Buy Low or Sell High?

Justin Goldman

2011-10-20

 

Smith

 

If the season ended today, Kari Lehtonen would probably win the Vezina Trophy. As crazy as that sounds, when you consider just how well he has played for the Stars, all poolies come to the realization that each and every year is totally unpredictable in the realm of goaltending. No matter how much research you do, you almost always end up drafting one fantasy killer and one fantasy gem.

 

While that might stem from strokes of good or bad luck, it's an aspect of fantasy hockey that you can't control. If you don't snag one of the Big 5 (Miller, Rinne, Lundqvist, Price, Ward), hang on tight. Predicting is unpredictable; that's a lesson we all learn rather quickly, so we have to learn to focus on what we can control. With that in mind, now is the time to start determining which goalies are worthy of selling high and which ones are worthy of buying low.

 

At the top of the list you will find Blues goaltender Jaroslav Halak. I've personally been peppered by numerous poolies wondering whether they should buy or sell. In my opinion, you need to hold on or try to buy low. Brian Elliott isn't in a position to split the workload in St. Louis, so no matter how much Halak is struggling, he's still going to play 60 games. He's traditionally streaky, so it could be one big save or one timely win that turns everything around.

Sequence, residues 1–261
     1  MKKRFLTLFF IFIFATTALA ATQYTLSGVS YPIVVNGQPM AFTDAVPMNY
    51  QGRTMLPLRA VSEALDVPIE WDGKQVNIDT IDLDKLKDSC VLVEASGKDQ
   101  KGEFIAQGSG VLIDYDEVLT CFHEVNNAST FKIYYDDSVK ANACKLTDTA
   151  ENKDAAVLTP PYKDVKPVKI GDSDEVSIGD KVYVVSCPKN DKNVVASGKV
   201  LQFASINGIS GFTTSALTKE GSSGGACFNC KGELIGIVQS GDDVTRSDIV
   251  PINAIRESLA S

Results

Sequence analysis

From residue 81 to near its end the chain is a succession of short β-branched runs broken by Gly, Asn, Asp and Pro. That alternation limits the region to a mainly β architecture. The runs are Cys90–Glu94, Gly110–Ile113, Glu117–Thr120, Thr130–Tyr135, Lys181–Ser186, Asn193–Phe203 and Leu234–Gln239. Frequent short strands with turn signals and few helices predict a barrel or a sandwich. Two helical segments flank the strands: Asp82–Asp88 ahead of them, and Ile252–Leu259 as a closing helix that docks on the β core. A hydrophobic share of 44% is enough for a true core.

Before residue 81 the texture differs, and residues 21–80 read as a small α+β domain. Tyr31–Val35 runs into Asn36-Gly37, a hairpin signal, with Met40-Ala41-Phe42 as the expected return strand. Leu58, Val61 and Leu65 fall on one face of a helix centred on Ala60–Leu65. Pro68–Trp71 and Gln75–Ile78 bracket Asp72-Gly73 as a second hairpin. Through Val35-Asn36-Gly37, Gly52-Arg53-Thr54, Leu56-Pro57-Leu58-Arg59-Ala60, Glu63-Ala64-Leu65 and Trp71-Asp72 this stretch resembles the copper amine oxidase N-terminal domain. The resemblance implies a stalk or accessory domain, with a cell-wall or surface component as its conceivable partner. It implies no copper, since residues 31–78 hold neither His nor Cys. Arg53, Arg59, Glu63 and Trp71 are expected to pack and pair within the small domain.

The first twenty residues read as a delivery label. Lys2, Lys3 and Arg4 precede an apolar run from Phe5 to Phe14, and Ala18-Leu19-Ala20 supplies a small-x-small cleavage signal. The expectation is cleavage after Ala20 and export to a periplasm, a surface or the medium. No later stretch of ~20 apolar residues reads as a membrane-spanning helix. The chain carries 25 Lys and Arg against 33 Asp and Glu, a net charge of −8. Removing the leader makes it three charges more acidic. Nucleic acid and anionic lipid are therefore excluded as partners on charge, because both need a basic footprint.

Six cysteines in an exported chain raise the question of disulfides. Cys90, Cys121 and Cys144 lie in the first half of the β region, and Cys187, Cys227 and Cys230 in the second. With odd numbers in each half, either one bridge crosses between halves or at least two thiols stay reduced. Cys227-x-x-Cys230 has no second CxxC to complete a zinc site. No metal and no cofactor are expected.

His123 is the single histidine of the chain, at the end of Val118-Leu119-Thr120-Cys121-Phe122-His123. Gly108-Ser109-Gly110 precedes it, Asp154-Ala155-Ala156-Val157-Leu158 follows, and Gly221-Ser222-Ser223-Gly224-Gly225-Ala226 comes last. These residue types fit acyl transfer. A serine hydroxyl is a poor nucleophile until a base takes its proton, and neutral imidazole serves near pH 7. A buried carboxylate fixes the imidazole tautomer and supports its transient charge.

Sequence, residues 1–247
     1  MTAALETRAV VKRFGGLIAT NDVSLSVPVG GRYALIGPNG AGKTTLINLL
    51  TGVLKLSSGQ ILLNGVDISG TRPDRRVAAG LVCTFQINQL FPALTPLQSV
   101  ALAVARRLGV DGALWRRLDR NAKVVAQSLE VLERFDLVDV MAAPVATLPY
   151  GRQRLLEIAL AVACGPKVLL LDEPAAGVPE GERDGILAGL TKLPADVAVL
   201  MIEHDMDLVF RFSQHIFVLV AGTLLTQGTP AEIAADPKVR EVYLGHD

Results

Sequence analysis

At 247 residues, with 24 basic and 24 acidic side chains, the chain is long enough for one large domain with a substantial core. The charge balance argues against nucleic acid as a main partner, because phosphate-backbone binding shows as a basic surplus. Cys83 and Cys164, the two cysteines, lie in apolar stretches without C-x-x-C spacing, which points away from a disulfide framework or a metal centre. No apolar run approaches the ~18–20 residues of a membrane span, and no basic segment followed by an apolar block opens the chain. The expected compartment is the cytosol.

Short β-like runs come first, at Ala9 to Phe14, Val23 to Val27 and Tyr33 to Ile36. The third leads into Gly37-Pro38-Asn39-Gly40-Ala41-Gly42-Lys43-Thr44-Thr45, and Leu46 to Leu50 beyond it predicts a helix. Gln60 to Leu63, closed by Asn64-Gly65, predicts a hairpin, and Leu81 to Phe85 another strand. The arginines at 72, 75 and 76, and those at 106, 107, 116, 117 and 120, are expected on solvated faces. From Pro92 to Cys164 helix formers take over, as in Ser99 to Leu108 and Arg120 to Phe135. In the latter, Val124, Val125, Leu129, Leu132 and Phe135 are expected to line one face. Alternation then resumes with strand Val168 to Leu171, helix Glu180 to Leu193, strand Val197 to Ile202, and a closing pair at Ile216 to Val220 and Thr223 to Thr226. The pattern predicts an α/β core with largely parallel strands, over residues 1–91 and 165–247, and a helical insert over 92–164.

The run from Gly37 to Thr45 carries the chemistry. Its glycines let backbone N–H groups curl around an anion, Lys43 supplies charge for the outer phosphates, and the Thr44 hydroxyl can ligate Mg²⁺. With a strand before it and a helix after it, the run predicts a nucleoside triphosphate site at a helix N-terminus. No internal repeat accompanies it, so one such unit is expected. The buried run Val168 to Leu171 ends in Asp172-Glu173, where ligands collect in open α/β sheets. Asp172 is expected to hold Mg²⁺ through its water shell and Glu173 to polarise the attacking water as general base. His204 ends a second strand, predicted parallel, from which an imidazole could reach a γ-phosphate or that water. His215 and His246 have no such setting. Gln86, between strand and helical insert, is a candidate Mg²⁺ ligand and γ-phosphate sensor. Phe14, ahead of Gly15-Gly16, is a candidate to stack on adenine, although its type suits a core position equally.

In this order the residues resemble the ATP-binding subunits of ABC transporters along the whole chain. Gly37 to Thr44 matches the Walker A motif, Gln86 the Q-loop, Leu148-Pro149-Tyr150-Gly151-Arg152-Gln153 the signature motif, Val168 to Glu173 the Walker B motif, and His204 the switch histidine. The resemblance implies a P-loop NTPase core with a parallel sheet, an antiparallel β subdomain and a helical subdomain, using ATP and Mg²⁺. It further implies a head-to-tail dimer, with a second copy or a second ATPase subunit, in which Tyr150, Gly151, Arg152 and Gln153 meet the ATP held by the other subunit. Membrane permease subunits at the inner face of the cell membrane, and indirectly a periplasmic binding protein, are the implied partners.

As for Lehtonen, I've seen a few outlets (ESPN) discuss how he's a perfect sell-high candidate right now. To me, that's crazy talk. Lehtonen is an elite goalie, more durable than ever before, and the team is confident in front of him. Sheldon Souray is contributing, Trevor Daley is improving and they can still score goals. Whether he faces 40 shots (which is great for volume categories) or 25, Lehtonen's focus and intensity is always at the forefront of his game. That's part of what makes him elite, and that's part of the reason why I'd cling to him like a winning lottery ticket.

 

There are many other good buy-low and sell-high candidates out there. Take Jacob Marksrom, for example. Even though he gave up two greasy goals in a 3-0 loss to the Capitals, the Swedish beast still stopped 30-of-32 shots in his first NHL start. If that's not a sign of things to come, nothing is. So what happens if Jose Theodore falls off the rails over the next 7-10 days? He's what I consider to be a rhythm goalie, and now that he sat on the bench for a game, that rhythm could be thrown akimbo. If I had a chance to snag Markstrom as a #3 or #4, I wouldn't think twice.

 

Ultimately, you'll come to find that just about every fantasy-worthy goalie is a buy-low or sell